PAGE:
advised for the purpose of settling and determining all controversies
which he may now have with the State of Wisconsin, or its duly
authorized officers and agents, relative to the mill property of said
George Apfelbacher, the fish hatchery of the State of Wisconsin on
the Bark River, and the mill property of Evan Humphrey at the
lower end of Nagawicka Lake, and relative to the use of the waters
of said Bark River and Nagawicka Lake, all in the county of
Waukesha, Wisconsin."
In determining the scope of this act, the court said:
"Plaintiff claims that by the enactment of this law the legislature
admitted liability on the part of the state for the acts of its officers,
and that the suit now stands just as it would stand between private
parties. It is difficult to see how the act does, or was intended to do,
more than remove the state's immunity from suit. It simply gives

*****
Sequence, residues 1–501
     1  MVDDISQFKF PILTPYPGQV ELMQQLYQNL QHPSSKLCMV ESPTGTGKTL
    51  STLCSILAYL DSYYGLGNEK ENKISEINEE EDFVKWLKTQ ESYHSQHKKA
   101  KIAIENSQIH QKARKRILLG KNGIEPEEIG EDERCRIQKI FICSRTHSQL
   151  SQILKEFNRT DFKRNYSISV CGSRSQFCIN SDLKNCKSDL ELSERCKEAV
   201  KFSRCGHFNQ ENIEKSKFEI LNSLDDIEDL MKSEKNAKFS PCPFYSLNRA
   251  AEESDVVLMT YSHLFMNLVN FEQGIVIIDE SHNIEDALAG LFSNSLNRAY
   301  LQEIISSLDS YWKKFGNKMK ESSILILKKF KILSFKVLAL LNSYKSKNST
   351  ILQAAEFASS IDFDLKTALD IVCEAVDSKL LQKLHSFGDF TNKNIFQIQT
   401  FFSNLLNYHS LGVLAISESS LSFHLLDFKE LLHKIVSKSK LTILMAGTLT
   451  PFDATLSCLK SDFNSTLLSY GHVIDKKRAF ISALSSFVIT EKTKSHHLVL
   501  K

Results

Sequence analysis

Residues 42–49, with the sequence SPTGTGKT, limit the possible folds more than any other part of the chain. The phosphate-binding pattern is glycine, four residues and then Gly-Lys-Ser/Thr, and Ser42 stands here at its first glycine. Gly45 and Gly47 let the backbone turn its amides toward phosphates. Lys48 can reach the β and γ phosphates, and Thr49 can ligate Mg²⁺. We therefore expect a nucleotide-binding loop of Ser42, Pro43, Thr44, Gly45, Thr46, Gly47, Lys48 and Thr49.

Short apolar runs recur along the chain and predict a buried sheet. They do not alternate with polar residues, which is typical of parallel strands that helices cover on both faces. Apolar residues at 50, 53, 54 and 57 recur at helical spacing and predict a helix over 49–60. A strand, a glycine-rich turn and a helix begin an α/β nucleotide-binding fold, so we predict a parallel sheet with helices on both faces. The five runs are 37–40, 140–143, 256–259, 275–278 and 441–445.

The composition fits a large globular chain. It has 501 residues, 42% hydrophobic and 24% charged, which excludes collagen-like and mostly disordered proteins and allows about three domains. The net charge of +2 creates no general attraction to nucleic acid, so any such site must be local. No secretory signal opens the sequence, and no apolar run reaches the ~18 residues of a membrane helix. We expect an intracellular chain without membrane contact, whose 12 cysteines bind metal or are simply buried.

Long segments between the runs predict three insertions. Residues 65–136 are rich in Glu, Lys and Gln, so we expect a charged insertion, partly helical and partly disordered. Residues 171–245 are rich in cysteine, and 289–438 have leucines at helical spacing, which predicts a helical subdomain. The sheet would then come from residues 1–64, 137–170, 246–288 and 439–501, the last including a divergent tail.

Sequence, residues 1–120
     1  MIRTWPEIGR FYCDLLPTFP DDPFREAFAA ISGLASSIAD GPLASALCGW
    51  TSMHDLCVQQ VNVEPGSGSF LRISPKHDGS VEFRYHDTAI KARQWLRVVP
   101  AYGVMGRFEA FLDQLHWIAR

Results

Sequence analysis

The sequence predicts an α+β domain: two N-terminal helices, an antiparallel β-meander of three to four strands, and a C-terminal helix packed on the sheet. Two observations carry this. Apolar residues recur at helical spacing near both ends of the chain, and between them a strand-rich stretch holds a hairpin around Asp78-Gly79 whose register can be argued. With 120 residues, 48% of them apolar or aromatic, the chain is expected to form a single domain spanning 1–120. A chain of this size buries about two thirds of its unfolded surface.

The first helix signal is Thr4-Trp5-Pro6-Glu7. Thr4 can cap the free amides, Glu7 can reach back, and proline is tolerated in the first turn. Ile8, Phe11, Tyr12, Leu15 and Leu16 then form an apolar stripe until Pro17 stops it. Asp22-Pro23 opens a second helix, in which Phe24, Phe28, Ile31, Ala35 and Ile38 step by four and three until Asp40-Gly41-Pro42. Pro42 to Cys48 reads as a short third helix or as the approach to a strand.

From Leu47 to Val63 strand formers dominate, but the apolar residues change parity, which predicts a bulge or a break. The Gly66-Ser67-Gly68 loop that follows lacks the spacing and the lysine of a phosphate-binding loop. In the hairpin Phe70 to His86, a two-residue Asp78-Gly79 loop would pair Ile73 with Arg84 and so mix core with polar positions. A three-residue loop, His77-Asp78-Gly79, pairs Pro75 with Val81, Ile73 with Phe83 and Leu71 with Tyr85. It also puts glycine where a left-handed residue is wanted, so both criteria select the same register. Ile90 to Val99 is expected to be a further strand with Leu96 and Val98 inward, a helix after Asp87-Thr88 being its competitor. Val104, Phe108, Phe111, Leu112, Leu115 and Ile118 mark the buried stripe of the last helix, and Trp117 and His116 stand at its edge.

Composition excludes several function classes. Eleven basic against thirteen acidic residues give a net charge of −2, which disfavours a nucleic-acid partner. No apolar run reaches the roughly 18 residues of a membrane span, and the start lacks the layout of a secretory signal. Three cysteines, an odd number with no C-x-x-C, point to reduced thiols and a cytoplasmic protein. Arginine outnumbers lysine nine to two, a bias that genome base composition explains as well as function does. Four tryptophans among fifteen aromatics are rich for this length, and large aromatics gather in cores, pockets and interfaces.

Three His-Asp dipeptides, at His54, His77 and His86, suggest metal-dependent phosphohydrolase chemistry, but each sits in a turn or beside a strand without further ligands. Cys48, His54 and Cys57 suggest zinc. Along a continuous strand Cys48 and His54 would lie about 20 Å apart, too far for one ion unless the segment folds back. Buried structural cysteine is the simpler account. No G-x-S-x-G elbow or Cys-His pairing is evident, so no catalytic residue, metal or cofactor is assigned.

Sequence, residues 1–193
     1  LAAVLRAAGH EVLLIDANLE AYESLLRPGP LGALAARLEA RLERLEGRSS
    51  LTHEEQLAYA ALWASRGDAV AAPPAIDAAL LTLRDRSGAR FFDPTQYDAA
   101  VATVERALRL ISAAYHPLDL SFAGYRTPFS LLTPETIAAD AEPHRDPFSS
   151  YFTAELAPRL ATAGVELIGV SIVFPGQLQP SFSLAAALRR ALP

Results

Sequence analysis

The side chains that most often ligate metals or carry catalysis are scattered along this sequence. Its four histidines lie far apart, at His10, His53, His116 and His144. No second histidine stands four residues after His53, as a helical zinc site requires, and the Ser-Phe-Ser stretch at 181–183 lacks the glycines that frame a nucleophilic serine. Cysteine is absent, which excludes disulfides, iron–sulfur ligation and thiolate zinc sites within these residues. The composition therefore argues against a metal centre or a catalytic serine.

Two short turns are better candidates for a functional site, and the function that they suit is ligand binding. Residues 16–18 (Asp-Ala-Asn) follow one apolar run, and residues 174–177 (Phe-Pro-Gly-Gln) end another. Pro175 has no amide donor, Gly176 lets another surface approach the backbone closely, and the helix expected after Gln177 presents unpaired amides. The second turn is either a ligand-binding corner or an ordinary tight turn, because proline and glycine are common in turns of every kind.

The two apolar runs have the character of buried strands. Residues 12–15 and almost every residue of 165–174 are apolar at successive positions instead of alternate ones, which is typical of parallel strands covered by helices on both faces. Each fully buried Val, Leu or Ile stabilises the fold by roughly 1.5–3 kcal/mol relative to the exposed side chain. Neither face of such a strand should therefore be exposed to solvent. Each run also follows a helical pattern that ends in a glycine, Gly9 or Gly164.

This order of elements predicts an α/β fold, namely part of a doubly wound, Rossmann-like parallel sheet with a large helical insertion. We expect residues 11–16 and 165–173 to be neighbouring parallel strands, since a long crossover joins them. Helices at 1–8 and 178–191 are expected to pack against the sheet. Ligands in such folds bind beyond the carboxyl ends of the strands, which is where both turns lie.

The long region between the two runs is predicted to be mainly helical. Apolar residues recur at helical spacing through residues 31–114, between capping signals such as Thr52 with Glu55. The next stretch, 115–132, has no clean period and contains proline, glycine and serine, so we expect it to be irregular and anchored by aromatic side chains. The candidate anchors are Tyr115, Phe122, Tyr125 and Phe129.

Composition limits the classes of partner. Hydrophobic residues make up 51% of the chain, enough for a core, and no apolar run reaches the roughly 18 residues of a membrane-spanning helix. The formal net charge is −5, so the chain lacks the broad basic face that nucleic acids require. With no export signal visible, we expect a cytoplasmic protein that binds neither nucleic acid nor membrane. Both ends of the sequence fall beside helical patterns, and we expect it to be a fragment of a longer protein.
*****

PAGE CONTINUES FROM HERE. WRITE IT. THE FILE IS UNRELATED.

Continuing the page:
authority to

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Merritt vs. Government of the Philippine Islands.

commence suit for the purpose of settling plaintiffs controversies


with the state. Nowhere in the act is there a whisper or suggestion
that the court or courts in the disposition of the suit shall depart f
rom well established principles of law, or that the amount of
damages is the only question to be settled. The act opened the door
of the court to the plaintiff. It did not pass upon the question of
liability, but left the suit just where it would be in the absence of the
state's immunity from suit. If the Legislature had intended to change
the rule that obtained in this state so long and" to declare liability on
the part of the state, it would not have left so important a matter to
mere inference, but would have done so in express terms. (Murdock
Grate Co. vs. Commonwealth, 152 Mass., 28; 24 N. E., 854; 8 L. R.
A., 399.)"
In Denning vs, State (123 Cal., 316), the provisions of the Act of